Intern spotlight: A fresh look at GFC’s East Africa strategy

By Global Fund for Children | September 4, 2019 | Africa & The Middle East | Education, Freedom from Violence & Exploitation, Gender Equity, Youth Empowerment

By Caroline Knight, a GFC Programs Intern for Summer 2019

I decided to intern with Global Fund for Children because I was eager to learn about the intricacies of international economic development, with a specific interest in the funding and support for grassroots organizations. More importantly, engaging in work that would have an impact on children and youth deeply excited me.

Upon beginning my internship with GFC, I was tasked with researching some of the foundational elements that will inform a refreshed strategy for East Africa, with an emphasis on identifying regional needs and creating recommendations for how GFC can address those needs. The research and analysis was challenging, but it awarded me a valuable understanding of the plight that many children and youth face across the region.

Students at Nyanza Initiative for Girls' Education and Empowerment (NIGEE) in Kisumu, Kenya. © NIGEE

Based on my research, here are some key conclusions about the needs of young people growing up in East Africa.

Gender Equity

First and foremost, young girls in East Africa must overcome cultural and legal barriers to garner life outcomes similar to their male counterparts. The disenfranchisement of young girls takes a multitude of forms, including academic, professional, and relational. As an example, young girls in Tanzania are unable to return to school after becoming pregnant due to the discriminatory legal framework at play.

Violence & Exploitation

Expanding beyond a gender lens, exploitation and violence against young boys and girls alike is endemic. Sexual and gender-based violence (SGBV), child labor, early marriage, physical violence, and various types of trafficking are prevalent across the region.

Education

Insufficiencies in the educational system jumped out at me as a major concern in the region. The quality of education, enrollment and retention rates, and access for marginalized groups like girls, refugees, and disabled children and youth are all pressing issues. These inadequacies in the educational system reflect cultural norms, while also reflecting governmental insufficiencies in providing education.

Youth Engagement

The educational system plays into high levels of youth who are not engaged in education, employment, or training (NEET) across the region. Dramatic NEET levels showcase a deeper need for supplemental educational services to bridge gaps in the educational system, in addition to a need for stronger workplace readiness programming in the region.

The Environment

Environmental degradation is a growing concern in the region as climate change exacerbates the environmental crises and affects the food supply. In a region where agriculture is the primary industry, and subsistence agriculture is the primary food source, finding solutions to combat climate change and eliminate harmful environmental practices is critical.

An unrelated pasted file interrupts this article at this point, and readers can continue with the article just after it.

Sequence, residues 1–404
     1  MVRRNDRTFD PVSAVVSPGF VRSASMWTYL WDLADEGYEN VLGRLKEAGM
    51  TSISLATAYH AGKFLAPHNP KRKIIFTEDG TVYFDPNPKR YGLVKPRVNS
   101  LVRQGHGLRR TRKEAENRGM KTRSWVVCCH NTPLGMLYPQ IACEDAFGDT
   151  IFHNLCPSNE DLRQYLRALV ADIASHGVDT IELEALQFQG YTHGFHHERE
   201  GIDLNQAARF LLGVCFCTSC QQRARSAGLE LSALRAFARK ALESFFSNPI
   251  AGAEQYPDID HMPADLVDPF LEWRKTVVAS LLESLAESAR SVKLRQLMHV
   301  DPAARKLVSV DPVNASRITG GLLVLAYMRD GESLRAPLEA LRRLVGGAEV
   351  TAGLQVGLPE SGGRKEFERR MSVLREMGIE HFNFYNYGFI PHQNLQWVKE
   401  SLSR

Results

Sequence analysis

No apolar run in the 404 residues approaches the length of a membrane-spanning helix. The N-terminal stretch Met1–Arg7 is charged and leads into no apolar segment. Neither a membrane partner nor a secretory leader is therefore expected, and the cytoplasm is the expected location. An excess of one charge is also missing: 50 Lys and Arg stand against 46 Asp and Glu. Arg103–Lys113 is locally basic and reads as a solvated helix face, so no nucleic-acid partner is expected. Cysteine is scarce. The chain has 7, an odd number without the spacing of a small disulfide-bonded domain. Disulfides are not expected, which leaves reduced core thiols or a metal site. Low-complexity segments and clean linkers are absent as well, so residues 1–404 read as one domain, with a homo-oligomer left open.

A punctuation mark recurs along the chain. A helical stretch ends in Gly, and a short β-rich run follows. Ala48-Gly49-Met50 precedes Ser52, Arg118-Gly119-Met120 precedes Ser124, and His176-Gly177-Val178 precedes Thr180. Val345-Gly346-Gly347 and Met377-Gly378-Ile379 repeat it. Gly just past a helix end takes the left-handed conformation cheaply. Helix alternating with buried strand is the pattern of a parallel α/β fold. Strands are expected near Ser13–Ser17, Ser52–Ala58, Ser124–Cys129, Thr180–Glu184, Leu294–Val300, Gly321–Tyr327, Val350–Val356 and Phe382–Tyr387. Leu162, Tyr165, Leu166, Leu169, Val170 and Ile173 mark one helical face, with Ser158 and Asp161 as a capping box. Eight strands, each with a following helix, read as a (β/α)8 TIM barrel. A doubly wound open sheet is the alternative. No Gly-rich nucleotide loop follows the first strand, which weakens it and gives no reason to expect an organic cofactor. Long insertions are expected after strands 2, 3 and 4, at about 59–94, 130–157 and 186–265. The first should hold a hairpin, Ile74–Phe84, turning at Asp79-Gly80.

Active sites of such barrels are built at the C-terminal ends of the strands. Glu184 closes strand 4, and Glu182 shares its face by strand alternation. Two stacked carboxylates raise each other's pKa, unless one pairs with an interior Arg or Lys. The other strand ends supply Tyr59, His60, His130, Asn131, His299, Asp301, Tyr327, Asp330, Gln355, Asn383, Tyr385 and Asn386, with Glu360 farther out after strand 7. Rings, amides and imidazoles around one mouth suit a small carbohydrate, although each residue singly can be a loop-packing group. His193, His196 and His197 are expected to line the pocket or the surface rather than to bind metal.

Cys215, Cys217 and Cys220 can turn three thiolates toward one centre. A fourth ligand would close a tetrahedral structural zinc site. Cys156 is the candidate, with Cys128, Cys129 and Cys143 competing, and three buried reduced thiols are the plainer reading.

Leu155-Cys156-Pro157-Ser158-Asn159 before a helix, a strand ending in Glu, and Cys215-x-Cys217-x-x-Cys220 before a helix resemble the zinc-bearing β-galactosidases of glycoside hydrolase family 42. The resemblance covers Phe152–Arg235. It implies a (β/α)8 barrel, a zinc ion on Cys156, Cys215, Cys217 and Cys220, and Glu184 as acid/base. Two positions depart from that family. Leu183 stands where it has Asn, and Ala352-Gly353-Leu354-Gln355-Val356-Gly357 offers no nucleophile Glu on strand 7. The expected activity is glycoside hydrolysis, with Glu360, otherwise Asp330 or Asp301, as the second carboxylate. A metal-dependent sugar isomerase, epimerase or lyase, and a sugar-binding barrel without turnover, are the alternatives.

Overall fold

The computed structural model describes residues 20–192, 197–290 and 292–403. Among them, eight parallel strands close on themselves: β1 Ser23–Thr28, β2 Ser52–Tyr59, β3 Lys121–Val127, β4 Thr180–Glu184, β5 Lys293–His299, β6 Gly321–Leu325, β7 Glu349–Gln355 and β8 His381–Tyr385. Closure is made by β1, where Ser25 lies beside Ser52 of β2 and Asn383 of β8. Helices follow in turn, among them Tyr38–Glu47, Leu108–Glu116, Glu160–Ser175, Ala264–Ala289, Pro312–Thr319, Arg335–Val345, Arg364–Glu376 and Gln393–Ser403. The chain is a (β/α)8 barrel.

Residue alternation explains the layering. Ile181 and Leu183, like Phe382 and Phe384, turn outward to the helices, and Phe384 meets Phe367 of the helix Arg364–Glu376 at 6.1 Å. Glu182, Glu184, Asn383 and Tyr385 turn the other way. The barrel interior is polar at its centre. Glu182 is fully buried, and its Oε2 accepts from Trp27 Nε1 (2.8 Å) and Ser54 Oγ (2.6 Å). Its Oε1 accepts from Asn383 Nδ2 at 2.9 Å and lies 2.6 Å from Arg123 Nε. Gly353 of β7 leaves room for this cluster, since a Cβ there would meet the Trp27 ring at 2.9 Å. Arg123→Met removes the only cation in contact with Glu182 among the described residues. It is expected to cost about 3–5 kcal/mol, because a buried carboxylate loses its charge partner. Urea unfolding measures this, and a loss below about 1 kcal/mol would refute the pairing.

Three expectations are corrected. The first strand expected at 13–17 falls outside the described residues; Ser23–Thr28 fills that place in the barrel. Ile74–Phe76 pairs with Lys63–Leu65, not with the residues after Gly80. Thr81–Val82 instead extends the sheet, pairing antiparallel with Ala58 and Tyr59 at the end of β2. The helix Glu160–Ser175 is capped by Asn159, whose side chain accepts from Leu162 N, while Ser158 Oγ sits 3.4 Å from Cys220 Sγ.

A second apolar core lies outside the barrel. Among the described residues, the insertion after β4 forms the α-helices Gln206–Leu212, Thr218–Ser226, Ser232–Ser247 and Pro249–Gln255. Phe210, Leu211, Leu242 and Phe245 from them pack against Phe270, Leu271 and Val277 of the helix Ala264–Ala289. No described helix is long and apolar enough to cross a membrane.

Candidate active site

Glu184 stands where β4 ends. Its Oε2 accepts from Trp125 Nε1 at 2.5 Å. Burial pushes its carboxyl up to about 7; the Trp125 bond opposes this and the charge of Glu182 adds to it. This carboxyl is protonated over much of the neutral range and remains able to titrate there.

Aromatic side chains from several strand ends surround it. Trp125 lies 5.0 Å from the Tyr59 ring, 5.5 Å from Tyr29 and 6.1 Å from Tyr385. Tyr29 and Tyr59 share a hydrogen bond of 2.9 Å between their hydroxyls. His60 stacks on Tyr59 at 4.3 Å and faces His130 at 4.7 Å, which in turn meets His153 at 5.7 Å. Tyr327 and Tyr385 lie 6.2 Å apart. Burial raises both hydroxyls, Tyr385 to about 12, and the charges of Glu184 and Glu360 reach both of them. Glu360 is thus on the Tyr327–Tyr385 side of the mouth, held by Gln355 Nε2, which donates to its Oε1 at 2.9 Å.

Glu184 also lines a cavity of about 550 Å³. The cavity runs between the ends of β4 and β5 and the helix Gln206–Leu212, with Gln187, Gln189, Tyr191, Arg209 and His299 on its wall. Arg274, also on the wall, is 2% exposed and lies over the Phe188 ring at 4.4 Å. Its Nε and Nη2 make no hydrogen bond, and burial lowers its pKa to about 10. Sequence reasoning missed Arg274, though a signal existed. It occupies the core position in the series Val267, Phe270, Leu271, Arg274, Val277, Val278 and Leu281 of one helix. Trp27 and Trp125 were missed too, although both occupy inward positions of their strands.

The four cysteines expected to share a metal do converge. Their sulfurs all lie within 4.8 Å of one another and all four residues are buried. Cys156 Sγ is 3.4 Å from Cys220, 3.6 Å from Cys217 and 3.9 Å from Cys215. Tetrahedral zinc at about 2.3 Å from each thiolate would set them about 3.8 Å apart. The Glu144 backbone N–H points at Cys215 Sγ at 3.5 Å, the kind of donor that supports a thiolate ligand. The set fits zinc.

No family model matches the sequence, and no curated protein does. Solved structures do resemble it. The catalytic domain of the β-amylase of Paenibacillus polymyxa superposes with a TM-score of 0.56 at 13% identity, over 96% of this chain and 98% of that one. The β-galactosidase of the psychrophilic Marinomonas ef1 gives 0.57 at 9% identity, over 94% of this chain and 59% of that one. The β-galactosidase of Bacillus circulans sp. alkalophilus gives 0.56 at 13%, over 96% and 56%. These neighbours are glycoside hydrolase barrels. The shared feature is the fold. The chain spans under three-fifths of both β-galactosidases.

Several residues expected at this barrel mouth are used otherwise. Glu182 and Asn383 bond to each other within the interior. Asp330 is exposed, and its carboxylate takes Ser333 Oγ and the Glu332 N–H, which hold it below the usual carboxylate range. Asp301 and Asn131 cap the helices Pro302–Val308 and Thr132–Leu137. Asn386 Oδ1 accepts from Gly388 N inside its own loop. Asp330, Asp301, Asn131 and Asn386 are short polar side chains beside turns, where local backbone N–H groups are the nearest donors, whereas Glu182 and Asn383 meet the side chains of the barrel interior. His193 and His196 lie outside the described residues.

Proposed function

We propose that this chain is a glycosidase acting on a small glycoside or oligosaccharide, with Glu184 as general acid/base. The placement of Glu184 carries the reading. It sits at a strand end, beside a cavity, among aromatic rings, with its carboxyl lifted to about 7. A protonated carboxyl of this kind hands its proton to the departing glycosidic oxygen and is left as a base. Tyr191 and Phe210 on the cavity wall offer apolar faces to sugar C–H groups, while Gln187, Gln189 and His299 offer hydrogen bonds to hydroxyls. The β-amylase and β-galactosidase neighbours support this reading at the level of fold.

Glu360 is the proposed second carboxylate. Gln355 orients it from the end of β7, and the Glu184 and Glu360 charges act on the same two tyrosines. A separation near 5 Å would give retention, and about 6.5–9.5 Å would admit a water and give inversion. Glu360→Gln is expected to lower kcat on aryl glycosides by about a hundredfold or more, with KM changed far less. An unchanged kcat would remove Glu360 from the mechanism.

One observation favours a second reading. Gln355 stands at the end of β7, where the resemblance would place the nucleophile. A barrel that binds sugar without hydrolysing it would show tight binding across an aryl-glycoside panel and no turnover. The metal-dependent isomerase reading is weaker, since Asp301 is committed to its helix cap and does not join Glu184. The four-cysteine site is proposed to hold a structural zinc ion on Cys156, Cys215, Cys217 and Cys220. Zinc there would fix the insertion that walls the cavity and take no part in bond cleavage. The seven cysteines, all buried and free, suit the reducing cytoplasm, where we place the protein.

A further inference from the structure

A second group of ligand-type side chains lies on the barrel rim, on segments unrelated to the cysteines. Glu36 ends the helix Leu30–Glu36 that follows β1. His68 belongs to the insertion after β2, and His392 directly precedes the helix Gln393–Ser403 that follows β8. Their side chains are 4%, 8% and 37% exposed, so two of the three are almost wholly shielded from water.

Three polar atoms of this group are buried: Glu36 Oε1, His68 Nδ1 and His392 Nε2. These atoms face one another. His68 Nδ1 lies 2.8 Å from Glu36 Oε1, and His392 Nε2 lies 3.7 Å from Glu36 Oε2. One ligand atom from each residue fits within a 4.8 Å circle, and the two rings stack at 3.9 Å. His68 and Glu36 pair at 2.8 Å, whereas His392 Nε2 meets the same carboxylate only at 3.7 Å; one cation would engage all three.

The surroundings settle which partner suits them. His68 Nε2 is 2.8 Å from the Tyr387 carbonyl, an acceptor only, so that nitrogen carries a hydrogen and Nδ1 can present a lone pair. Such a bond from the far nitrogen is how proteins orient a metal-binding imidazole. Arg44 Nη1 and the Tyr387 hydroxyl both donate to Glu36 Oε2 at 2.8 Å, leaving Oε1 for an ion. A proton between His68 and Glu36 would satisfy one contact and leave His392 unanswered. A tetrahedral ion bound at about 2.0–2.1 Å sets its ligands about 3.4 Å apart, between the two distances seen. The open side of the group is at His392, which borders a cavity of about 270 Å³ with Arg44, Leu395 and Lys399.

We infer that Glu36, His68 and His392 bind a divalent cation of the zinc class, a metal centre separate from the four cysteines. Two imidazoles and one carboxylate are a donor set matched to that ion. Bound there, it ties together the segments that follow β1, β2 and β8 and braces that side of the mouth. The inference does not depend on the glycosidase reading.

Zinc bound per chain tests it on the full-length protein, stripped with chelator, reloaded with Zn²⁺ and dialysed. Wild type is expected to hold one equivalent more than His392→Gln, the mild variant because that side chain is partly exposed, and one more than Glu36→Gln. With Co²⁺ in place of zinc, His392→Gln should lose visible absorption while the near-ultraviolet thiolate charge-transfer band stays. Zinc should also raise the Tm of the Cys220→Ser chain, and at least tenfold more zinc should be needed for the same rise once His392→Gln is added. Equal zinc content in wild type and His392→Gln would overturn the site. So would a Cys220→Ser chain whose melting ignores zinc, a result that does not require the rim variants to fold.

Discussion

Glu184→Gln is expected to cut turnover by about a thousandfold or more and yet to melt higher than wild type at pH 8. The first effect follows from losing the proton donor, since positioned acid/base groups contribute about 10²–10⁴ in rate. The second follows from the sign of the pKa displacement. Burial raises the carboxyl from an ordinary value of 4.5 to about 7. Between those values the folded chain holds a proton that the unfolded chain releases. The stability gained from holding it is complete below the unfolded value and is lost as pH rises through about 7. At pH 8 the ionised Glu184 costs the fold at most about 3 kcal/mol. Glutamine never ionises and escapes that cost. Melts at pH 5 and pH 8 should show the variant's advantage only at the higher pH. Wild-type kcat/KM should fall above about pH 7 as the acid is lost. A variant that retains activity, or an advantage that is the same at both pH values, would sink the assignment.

This learning process, coupled with deeper engagement in GFC affairs, has shown me the essentiality of organizations like GFC in addressing the systemic challenges of Eastern Africa. Whether through addressing issues like female genital mutilation and child marriage, or educational insufficiencies and youth unemployment, GFC manages to have an impact on the lives of children and youth through its multi-faceted model of support.

For example, providing unrestricted funding to locally led organizations enables East African communities to handle challenges in culturally sensitive ways without a list of strings attached that could hinder their effectiveness or ability to innovate. Moreover, GFC aids these transformative organizations with their capacity development in a collaborative way, in addition to expanding their organizational networks and offering advisory support.

Although my time at GFC is coming to a close, I look forward to following its passionate and gifted staff as it traverses old and new problems facing children and youth. I also anxiously await to see how these insights feed into an East Africa strategy to further the lives of East African youth.

 

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Global Fund for Children (GFC) UK Trust, created in 2006, is a UK registered charity (UK charity number 1119544). We work to generate vital income, create new fundraising opportunities, and raise awareness of the invaluable work of GFC’s grassroots grantees. Our aim is to extend the reach of GFC in the United Kingdom, Europe, and beyond.

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